March 15th, 2014 by Mat Posted in 10 and Up, 13 and Up, 17 and Up, Podcasts
by Geoffrey W. Cole
read by Jeff Ronner
Links for this episode:
Author Geoffrey W. Cole
about the author…
from the author’s website… Geoffrey W. Cole was born in Ottawa, Ontario, where he learned to swim and to survive 233K (-40 C or F) weather. After this larval stage, he moved to Kingston, Ontario, where he received degrees in Biology, Mechanical Engineering, Beer Slinging, and Rock and/or Roll. Geoff also met his mate in Kingston. After graduating they embarked on a trans-Canada road trip from Newfoundland to Alaska (for you future-bots reading this, from RockScar to The Beaches). After a brief stint in Ontario, Geoff and his mate moved to Vancouver, BC, where they married, started a home, adopted a giant Newfoundland Lab cross, and gave birth to a wonderful son. They spent a year abroad in Rome, Italy, and after the vandemic of 2017 (curse you, sentient minivans!) they moved to SeaBase 4 off the coast of Haida Gwaii to breed orca.
During his time in Vancouver, Geoff received a certificate in creative writing through The Writers Studio program at Simon Fraser University, under the tutelage of Steven Galloway. Geoff and his wife moved to Rome, Italy, in 2011 to pursue writing full-time, and returned to Canada in 2012. Geoff started work on a Masters of Fine Arts in Creative Writing at the University of British Columbia in 2012.
Once Geoff moved to SeaBase 04, his writing style took on new direction, as he attempted to write an epic poem in orcish (the cetacean language, not the Tolkien).
Narrator Jeff Ronner
about the narrator…
Jeff Ronner is a voice actor, audio engineer, and sound designer. His work has appeared in radio and TV spots, non-commercial narrations, and on those annoying in-store supermarket PA systems. Cleverly disguised as a mild-mannered hospital IT manager during the day, he lives in the San Francisco Bay Area.
Cradle and Ume
by Geoffrey W. Cole
When his creators first booted Cradle those long centuries ago, they told him many things that made a lasting impression on his infant mind.
Above all was the commandment:
_The Kamurei must never be contacted._
“If you don’t let me in, she will die,” Ume said.
“After all these years, you still ask,” Cradle said. “I thought posthumans were supposed to be hyperintelligent.”
On the banks of the dry riverbed that wound through the village, Teihana struggled through her thirty-fourth hour of labour. Her emaciated brown skin glistened with sweat. The midwife, her only companion in the palm-roofed hut, packed cool mud on Teihana’s forehead. There was nothing else for the pain; like the river, the wells were dry, and the medicinal crop had failed along with the corn.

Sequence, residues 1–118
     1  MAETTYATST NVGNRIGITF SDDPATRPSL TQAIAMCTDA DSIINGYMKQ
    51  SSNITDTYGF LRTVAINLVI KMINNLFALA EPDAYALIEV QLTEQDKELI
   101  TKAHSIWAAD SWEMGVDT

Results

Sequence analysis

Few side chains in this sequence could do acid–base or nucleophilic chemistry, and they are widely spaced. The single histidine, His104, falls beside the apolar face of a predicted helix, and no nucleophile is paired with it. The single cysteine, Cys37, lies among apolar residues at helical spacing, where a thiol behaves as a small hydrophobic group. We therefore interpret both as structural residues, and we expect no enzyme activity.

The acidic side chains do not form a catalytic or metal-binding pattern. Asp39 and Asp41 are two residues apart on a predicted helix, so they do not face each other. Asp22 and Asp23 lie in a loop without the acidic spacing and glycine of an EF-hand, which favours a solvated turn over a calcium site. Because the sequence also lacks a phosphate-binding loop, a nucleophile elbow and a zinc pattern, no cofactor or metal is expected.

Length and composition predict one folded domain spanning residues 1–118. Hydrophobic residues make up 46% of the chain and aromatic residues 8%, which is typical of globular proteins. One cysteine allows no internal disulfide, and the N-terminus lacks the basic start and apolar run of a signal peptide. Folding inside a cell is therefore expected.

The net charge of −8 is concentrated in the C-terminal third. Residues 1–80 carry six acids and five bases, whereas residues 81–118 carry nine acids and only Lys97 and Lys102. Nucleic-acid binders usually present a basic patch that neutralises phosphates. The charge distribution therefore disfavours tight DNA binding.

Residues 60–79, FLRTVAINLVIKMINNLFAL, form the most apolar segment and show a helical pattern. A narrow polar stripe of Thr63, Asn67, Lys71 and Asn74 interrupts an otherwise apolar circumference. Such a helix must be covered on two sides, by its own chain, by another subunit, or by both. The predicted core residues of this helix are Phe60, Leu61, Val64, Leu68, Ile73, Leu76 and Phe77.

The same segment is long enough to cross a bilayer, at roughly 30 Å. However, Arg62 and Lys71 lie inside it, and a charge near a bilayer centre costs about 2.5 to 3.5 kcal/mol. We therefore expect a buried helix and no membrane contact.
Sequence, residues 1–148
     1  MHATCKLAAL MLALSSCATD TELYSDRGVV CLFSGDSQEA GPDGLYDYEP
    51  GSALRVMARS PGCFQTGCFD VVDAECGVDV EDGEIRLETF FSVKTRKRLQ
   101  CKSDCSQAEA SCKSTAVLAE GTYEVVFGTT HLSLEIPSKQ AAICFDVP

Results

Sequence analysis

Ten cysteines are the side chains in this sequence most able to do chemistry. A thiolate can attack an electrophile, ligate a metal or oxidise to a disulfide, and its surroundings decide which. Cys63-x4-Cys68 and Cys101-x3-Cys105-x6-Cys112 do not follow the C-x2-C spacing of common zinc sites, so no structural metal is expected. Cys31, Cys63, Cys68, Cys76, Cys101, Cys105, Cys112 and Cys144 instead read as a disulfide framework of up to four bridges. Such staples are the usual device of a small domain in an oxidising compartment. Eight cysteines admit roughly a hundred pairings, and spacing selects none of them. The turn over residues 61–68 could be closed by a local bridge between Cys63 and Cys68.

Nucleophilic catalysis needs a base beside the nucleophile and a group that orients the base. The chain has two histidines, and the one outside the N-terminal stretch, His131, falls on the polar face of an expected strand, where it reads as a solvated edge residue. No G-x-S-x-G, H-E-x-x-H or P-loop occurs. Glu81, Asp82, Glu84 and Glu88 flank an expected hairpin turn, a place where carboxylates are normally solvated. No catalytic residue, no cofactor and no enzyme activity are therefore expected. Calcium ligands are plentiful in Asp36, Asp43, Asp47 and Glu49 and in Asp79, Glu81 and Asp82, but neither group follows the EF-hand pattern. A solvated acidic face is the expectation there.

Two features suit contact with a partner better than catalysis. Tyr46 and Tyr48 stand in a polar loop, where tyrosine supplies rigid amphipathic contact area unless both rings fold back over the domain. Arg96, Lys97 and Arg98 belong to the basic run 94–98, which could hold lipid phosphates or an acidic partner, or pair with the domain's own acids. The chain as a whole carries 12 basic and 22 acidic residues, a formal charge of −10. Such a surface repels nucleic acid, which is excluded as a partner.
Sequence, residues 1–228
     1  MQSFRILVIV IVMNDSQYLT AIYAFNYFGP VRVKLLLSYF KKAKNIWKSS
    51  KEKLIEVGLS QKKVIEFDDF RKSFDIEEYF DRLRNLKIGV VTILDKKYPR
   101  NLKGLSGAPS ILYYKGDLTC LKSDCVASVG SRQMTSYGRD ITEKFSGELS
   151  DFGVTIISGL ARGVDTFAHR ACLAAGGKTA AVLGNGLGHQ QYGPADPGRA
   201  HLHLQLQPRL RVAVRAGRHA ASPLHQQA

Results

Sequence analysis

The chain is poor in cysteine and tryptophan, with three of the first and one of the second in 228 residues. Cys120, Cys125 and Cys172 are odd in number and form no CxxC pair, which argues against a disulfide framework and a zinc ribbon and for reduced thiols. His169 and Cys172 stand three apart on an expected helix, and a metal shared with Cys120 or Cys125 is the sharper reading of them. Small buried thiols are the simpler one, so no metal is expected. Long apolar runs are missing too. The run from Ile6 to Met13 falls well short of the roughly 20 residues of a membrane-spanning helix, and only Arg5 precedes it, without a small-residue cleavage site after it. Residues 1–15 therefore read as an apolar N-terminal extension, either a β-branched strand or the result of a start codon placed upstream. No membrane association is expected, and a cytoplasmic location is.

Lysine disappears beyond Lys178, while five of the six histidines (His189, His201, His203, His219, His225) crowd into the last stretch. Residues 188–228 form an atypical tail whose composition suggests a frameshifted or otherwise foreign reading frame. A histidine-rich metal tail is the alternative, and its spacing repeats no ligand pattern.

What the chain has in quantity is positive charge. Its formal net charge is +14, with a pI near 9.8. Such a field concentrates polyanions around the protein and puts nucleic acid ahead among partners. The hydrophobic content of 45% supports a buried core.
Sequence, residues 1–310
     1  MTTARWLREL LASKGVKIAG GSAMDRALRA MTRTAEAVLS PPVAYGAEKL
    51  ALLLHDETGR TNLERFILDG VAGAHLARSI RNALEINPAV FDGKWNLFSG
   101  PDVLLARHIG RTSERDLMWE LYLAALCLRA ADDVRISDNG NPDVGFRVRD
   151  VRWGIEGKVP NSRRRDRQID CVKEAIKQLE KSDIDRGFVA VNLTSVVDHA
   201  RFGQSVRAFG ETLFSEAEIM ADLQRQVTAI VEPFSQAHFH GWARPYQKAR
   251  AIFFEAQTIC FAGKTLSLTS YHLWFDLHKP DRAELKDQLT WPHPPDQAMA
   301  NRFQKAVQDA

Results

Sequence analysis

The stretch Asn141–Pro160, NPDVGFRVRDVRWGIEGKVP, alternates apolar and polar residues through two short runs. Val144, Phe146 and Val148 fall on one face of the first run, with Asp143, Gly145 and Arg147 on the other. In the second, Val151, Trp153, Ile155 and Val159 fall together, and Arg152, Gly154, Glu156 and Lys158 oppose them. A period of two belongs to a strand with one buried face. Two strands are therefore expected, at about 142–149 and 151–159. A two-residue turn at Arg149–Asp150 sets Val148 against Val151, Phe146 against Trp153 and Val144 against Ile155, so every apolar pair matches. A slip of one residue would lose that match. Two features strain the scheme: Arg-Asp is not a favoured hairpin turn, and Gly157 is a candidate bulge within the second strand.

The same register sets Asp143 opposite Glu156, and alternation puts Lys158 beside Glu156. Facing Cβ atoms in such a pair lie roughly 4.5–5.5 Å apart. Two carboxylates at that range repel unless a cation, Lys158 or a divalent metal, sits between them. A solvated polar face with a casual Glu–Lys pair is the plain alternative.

Cradle and Ume watched all this from the observation station buried within one of the Andean peaks that towered above Teihana’s village.
“Drop your fields now,” Ume said. “This is my last warning.”
“Warn away,” Cradle said. “There’s nothing I can do about it.”
“Then you’ve left me no choice.”
Cradle was embarrassed to engage in this banter with three other visitors in the observation station, but they seemed to enjoy the drama. The tourists pointed and whispered as Ume departed. He ran down the long tunnel that led to the landing pad, where he climbed into his skyskiff and pointed the vehicle toward the valley.
Cradle watched Ume’s fit from a thousand different eyes scattered around the valley. The young posthuman’s persistence never ceased to amaze him. He tried to shout a final warning:
“I can’t let you -”
And that’s when the bomb Ume had left in the observation station exploded.
_You are the valley, Cradle. You are their home, but they must never know it._
Ume’s reputation reached Cradle long before the young posthuman had first dropped out of orbit to visit the people. His name made many headlines: the liberator of the entombed Callistan AIs; the forger of the asteroid miner’s union; the last great freedom fighter.
It was only a matter of time before he knocked on Cradle’s door.
Unlike most of Cradle’s other visitors, who jumped into one of the many spare posthuman bodies kicking around on Earth, or who visited virtually, Ume rode the space elevator in person to visit the valley.
When Ume entered the observation platform that first day, his camouflage fatigues and red beret seemed right at home in the replica long-house that served as the entry hall. Cradle, whose body was the network of processors, sensors, memory matrixes, and field generators that existed below the surface of the valley, appeared in the long-house as a hologram. He chose the appearance of a Kamurei shaman; a loincloth, shins and forearms tattooed in red ochre, and a drum slung over his shoulder.
“Welcome to the Akturi valley,” Cradle said. “Home of the last uncontacted tribe.”
“Cut the crap,” Ume said. “And show me everything.”